The Sacraments: How to understand and teach them properly. How to meet the challenges of a secularized world to the sacramental treasures of the Eucharist, Confession, the priesthood and Christian matrimony.

Along with articles on topics like these, O'Connell says, The Catholic Faith will offer in every issue a lively news section – including first-hand reports on catechetical activities around the globe – as well as book reviews, pungent editorials by Fr. Hardon and O'Connell, and advice on spiritual, moral and catechetical questions.

And the new magazine won't just read well, says O'Connell, it will look good too – with full color covers, and beautiful interior graphics that will include the best classical and contemporary Catholic art.

One regular feature O'Connell expects to be especially popular will be "Ask Father Hardon" where readers can ask the Jesuit catechist tough questions about the Faith.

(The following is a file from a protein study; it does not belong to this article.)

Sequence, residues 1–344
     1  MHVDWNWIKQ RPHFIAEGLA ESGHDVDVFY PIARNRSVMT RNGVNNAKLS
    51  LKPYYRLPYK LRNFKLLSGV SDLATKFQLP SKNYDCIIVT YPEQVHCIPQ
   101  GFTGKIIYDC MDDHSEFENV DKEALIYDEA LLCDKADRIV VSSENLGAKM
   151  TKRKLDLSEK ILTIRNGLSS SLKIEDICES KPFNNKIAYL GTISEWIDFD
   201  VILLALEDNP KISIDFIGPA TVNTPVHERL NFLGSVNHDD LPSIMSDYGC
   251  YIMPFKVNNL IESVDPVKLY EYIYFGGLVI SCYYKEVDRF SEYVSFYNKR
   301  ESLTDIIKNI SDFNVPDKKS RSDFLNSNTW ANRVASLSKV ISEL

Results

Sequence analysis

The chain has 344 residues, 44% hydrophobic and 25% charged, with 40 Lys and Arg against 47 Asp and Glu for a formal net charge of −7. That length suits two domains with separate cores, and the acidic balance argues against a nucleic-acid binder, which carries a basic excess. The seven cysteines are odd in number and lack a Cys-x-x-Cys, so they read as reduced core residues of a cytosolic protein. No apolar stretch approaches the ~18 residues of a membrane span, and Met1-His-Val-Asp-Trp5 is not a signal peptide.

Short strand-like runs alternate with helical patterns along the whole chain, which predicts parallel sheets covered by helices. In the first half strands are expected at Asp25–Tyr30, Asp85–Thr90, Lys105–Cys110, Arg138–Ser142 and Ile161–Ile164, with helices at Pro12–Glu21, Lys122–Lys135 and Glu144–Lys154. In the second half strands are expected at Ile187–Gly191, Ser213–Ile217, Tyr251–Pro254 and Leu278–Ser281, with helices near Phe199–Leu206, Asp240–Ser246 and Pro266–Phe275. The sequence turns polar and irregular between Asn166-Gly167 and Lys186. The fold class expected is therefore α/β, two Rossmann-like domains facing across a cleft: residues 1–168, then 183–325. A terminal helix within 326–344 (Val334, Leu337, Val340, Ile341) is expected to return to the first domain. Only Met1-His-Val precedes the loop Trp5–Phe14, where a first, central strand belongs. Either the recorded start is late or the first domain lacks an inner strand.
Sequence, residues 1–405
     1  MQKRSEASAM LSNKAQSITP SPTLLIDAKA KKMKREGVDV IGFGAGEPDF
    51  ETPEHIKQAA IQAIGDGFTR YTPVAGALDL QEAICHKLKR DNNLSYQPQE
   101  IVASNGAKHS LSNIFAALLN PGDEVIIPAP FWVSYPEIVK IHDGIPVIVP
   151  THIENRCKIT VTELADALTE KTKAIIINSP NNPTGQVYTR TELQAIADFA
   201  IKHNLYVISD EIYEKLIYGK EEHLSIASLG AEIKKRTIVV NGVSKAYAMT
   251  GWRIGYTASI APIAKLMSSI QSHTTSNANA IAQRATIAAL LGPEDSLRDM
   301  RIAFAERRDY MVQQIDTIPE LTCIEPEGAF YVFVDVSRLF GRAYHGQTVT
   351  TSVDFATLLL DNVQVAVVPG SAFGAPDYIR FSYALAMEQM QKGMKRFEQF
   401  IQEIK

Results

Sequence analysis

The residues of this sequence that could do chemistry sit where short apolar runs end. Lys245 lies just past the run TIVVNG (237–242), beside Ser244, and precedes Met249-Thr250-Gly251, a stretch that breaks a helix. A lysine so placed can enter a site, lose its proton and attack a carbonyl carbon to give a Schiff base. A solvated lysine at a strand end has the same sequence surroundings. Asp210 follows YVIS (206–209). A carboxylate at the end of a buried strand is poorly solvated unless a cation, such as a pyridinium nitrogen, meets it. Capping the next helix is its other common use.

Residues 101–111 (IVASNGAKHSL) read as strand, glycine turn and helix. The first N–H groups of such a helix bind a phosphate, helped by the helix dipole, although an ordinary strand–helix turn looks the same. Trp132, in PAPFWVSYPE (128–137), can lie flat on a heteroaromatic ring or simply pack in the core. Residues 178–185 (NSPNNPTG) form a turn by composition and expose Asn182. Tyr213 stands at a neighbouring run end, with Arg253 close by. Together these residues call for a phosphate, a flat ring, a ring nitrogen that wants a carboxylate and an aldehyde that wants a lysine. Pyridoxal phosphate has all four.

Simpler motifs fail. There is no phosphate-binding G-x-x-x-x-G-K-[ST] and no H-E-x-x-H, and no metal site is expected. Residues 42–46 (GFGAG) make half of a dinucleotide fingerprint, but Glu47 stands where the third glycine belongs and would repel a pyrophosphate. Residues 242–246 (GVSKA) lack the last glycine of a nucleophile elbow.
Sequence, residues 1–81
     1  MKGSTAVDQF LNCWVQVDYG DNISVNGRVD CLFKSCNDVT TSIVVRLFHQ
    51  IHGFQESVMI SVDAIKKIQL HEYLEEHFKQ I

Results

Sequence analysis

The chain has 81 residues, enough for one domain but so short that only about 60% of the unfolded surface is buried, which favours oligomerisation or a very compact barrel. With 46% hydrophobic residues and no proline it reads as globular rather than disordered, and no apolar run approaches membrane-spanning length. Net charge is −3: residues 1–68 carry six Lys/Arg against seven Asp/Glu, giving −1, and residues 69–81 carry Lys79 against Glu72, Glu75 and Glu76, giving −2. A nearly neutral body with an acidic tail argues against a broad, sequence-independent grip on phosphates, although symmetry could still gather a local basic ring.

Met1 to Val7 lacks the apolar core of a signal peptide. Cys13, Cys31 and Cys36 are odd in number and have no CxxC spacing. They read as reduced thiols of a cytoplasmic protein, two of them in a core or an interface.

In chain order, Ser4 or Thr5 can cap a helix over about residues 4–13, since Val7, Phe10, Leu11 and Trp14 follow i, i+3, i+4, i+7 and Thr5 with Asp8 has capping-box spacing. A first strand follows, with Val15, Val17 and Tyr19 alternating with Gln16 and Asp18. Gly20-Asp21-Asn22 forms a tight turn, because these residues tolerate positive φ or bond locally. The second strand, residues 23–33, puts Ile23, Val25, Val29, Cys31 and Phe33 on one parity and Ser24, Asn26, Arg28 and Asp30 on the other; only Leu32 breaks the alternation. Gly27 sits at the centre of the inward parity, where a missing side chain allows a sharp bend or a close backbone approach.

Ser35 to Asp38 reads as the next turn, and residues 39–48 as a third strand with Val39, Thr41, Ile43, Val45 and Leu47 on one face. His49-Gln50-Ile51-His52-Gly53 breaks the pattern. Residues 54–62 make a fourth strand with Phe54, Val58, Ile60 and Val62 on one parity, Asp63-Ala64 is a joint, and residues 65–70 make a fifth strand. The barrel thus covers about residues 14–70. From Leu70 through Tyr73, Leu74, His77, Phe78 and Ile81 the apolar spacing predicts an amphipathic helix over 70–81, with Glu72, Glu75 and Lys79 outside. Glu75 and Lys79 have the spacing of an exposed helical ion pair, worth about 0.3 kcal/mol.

Mother Teresa to Fr. Hardon on The Catholic Faith magazine:

Mother House    13 May 1995

Dear Father Hardon,

Thank you for your two recent letters. I am always glad to hear from you about all that Jesus is doing in and through you. I am so very grateful for all the help you have given and continue to give to our Sisters all over the world to help them to know, love and serve Jesus more faithfully and fully. I know that the Missionaries of Charity keep you very busy:

I am very happy to be able to contribute to the new work of the bi-monthly magazine on the faith and how to teach it; you will find my article enclosed. I wish and pray for the success of this work and look forward to receiving a copy of the magazine. Let us be only all for Jesus through Mary. Let us pray.

Mother Teresa, M.C.

Copyright © 2003 Inter Mirifica